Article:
Tony Reyna (1916—2016)
(Editor’s Note: Taosenos shall dearly miss Tony Reyna, a venerable and elegant presence in the community. The photograph above and the piece below are excerpted from Paul O’Connor’s Taos Portraits. On the day we discussed his life and times for the book, Tony said he was determined to live to be 100. As with all artists featured in “Taos Portraits,” Tony had the final say on the copy. I was always very proud that Tony purchased each month a small ad in Horse Fly, indicating his tacit support for RISE and the Pesky Insect, as Frank Concha of Taos Pueblo used to call me.)
Tony Reyna (1916—2016)
When you cross the cattle guard or boundary of Taos Pueblo, one of the first buildings you see on the right is “Tony Reyna’s Indian Shop—Indian Owned and Operated Since 1950.” Tony built his shop and his home a few years after being discharged from the military in WWII. He had served on the burial detail of the Bataan death March during the war and survived the ordeal, returning to Taos Pueblo.
Local merchants in Taos extended credit to Tony for the building. “I paid off the loans in two years,” he said. Tony said the shop was meant to serve as a role model for Indian craftspeople and shopkeepers at the Pueblo.
Tony was born at Taos Pueblo. He volunteered for military duty in 1941 and was taken prisoner by the Japanese in the Philippines. He served on the burial detail of the Bataan Death March. After being liberated in 1945 and later discharged, he returned to Taos Pueblo—one of several local war heroes from Taos who survived Bataan.
During the following decades, Tony served as secretary of the Tribal Council and twice as governor in 1982 and 1992. He was appointed to federal and county grand juries, the police commission in the Town of Taos, and was President of the local Kiwanis Club. He was instrumental in the establishment of the Pueblo as a World Heritage site. Tony was the first member of Taos Pueblo to serve on the Taos School Board, the boards of the Millicent Rogers Museum, the Santa Fe Indian Market, and the University of New Mexico Board of Regents.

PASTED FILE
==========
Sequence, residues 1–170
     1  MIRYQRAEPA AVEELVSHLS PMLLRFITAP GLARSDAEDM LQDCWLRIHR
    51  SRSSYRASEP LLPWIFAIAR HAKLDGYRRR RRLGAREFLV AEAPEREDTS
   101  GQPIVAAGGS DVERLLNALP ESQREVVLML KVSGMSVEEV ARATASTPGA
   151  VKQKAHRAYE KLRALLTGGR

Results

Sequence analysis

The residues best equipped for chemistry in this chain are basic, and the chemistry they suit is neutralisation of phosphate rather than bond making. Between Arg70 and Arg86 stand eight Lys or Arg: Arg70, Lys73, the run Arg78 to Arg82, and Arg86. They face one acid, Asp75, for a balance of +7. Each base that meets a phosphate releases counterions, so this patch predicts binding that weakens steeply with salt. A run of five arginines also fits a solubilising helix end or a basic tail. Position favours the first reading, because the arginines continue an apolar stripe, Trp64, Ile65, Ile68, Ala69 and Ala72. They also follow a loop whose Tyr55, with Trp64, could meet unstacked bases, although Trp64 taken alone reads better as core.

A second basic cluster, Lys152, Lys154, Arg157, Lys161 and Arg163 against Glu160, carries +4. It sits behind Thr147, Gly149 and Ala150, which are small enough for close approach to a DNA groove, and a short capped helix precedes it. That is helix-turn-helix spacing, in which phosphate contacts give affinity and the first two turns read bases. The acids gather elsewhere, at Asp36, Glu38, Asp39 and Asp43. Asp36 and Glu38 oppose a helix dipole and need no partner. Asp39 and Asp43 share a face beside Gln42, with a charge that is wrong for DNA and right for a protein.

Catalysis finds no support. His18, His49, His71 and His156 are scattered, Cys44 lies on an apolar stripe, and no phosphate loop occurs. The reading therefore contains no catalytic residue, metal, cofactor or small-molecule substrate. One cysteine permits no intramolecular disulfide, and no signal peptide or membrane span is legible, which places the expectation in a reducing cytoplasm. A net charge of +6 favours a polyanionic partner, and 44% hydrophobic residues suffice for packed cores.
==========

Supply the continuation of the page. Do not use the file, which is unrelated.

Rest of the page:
On the day Tony sat for his photograph, he wore a blue shirt and a bolo tie decorated with an emblem in silver and turquoise. “Jesse Monogya made it,” he said, referring to the Heart of the Dragonfly, a symbol of the 7th Annual Spirit of the Heard (Museum) Award. The Phoenix museum bestows the award upon Native Americans who exemplify excellence as individuals and for their community leadership. To many people in Taos, Tony is the bridge between two worlds, an iconic representation of hospitality and human courage.
Inside the shop and house, the windows on the east side frame Taos Mountain. On the west side, you can see out past the road deep into the western horizon. The piñon fire in the kiva fireplace keeps the winter chill away. “I made all the doors, tables, and chairs,” he said, gesturing at the furniture. He learned woodworking skills from the Civilian Conservation Corps during the 30s.
When Tony opened the shop, he sold jewelry made by Indians throughout the Southwest. Today, his son Philip works in the shop and one daughter, Marie, manages the Taos Pueblo’s Oo—Oonah Children’s Art Center. Both make jewelry.
Tony said, “My mother and father used to sell milk and cheese. They worked sunup to sundown. We rode horseback to town on a muddy wagon road. There was a shed where Conoco was at the entrance to Taos Plaza. We tied the horses in an alley by the Taos Inn.”
Tony’s two sisters and five brothers are gone. “I’m the only one left.” Tony just turned 96 more or less. He has given up driving, but thanks to friends and family members you can still occasionally catch him at the post office in Taos.
In the book, “The Taos Indians and the Battle for Blue Lake,” by R.C. McCutcheon, Tony says, “We pray for everyone and give thanks for everything.” In Tony’s presence, you feel the serenity of a long tradition and see a life lived with grace. — Bill Whaley
P.S. Yesterday’s announcement that the Army Corps of Engineers has curtailed, however temporarily, the Dakota pipeline at Standing Rock, is directly related to the historic victory of Taos Pueblo and the “Battle for Blue Lake.” Taos Pueblo set the modern precedent for Native Americans’ sacred rights. Let us think of Tony smiling as O’Connor depicts him above.